"Free market" as defined as this by my dictionary: "an economic system in which prices are determined by unrestricted competition between privately owned businesses". The problem with a complete lack of regulation is that eventually it eliminates competition; all free markets end up in a monopoly or duopoly given sufficient time and lack of oversight. Hence I view a "free market", defined as a market without any regulation, as an oxymoron; kind of like saying "privatized communism" or "authoritarian-anarchists". Of course, I would also strongly prefer regulations to also include things like the product's safety, I can understand if that doesn't make it a free market; but you need to accept at some point that there needs to be governmental oversight if you don't want it to end up as a stable monopoly or duopoly with little meaningful competition (at which point it is certainly not a free market anymore).

        7 votes
        1. [7]
          Dr_Douchebag
          Link Parent
          Regulations are by definition restrictions Source please. I would say the opposite, monopolies and oligopolies cannot form without government interference. If you're going to say"robber barons"...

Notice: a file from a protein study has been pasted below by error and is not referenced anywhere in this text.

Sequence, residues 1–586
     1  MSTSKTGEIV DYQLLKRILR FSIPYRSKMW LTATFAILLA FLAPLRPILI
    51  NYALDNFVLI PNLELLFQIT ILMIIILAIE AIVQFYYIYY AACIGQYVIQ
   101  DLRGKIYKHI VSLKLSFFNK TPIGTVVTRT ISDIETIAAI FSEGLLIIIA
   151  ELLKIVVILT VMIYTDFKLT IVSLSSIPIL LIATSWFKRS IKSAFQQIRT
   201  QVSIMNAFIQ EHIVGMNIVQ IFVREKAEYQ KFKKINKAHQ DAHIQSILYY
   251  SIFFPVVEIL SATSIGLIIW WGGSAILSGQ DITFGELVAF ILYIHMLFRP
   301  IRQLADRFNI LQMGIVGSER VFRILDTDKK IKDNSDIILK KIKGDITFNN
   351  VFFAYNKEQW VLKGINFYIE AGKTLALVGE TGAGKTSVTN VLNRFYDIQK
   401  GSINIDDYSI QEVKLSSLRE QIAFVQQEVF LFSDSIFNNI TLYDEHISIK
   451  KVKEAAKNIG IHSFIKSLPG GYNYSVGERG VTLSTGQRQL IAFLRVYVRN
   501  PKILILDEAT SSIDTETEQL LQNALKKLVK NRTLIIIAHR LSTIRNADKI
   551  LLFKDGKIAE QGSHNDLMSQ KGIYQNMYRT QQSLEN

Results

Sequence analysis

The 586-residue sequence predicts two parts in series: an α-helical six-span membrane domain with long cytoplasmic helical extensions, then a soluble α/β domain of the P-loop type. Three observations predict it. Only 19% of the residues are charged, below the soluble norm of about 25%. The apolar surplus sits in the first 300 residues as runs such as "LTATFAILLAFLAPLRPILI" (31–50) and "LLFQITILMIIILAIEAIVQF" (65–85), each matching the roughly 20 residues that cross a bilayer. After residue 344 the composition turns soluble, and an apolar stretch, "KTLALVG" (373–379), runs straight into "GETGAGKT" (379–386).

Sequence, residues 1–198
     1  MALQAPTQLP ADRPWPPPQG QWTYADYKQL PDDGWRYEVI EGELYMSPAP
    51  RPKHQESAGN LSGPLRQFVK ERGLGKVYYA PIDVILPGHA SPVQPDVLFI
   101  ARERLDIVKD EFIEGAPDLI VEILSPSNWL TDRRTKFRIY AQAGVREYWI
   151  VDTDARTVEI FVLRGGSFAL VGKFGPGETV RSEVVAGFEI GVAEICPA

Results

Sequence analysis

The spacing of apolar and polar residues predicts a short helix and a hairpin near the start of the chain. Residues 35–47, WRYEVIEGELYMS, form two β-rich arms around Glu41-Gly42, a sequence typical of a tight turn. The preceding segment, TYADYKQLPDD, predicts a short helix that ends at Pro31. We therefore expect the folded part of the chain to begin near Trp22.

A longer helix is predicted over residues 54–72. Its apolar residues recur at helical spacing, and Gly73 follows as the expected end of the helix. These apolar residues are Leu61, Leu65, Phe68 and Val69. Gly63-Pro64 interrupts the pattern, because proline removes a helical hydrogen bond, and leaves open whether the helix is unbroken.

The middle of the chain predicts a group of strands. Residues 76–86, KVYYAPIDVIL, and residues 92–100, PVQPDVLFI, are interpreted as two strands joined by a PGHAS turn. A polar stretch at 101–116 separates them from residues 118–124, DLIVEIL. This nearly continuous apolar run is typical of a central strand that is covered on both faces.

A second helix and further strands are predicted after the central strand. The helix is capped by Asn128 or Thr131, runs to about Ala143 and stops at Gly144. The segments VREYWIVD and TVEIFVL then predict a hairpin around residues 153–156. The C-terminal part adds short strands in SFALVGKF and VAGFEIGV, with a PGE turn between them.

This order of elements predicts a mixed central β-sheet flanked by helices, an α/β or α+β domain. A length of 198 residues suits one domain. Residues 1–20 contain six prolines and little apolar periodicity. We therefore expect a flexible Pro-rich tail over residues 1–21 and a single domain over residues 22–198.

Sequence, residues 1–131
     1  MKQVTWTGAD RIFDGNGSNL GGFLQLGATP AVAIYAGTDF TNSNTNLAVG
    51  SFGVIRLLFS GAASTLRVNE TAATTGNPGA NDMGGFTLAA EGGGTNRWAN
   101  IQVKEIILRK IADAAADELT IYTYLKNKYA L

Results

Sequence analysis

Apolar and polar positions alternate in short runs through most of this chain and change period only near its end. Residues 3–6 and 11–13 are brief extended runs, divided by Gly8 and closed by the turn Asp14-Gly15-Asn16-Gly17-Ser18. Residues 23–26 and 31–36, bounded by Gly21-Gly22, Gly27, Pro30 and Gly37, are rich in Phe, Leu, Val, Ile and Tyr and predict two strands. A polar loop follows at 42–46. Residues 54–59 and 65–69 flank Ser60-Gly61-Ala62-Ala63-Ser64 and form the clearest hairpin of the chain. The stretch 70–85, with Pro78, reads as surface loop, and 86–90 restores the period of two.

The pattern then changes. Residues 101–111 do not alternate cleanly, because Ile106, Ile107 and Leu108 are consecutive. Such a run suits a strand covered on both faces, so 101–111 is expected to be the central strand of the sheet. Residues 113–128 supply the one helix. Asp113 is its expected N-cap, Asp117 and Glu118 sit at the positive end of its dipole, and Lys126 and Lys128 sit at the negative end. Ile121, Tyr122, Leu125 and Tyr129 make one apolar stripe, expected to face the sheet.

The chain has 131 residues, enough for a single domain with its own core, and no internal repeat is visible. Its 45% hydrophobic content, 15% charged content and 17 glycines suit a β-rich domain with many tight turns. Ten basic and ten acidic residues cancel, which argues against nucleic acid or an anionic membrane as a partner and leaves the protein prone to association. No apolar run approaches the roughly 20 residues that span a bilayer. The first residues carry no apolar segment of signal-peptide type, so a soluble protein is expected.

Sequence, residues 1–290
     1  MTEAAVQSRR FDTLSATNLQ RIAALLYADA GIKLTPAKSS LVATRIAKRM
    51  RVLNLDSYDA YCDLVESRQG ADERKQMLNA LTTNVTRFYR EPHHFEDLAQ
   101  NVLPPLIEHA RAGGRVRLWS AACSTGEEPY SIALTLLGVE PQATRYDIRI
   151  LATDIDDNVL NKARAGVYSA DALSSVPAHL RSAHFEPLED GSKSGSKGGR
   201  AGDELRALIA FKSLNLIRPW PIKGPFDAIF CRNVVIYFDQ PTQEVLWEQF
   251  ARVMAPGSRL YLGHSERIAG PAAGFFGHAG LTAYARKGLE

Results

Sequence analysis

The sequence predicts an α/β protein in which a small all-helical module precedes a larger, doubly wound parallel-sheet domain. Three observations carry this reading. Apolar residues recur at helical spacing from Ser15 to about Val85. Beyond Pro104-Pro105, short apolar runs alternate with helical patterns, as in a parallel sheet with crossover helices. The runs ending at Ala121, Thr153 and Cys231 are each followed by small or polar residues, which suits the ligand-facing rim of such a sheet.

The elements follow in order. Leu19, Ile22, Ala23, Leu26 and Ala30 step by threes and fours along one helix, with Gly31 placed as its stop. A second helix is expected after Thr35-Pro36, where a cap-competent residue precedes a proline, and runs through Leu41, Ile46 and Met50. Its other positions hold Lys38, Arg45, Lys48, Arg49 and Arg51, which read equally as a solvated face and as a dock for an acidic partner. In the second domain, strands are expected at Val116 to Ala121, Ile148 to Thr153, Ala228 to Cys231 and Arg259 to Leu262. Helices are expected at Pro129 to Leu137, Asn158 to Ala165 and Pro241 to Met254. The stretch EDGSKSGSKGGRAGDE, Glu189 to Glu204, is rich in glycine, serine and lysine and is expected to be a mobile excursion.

an economic system in which prices are determined by unrestricted competition between privately owned businesses

          Regulations are by definition restrictions

          all free markets end up in a monopoly or duopoly given sufficient time and lack of oversight.

          Source please. I would say the opposite, monopolies and oligopolies cannot form without government interference. If you're going to say"robber barons" I'd be happy to talk about it but it's a tired and misinformed talking point against laissez faire capitalism. Just look at Telecom and health insurance in America. Vast restrictions create the monopolies and oligopolies we see

          Hence I view a "free market", defined as a market without any regulation, as an oxymoron; kind of like saying "privatized communism" or "authoritarian-anarchists"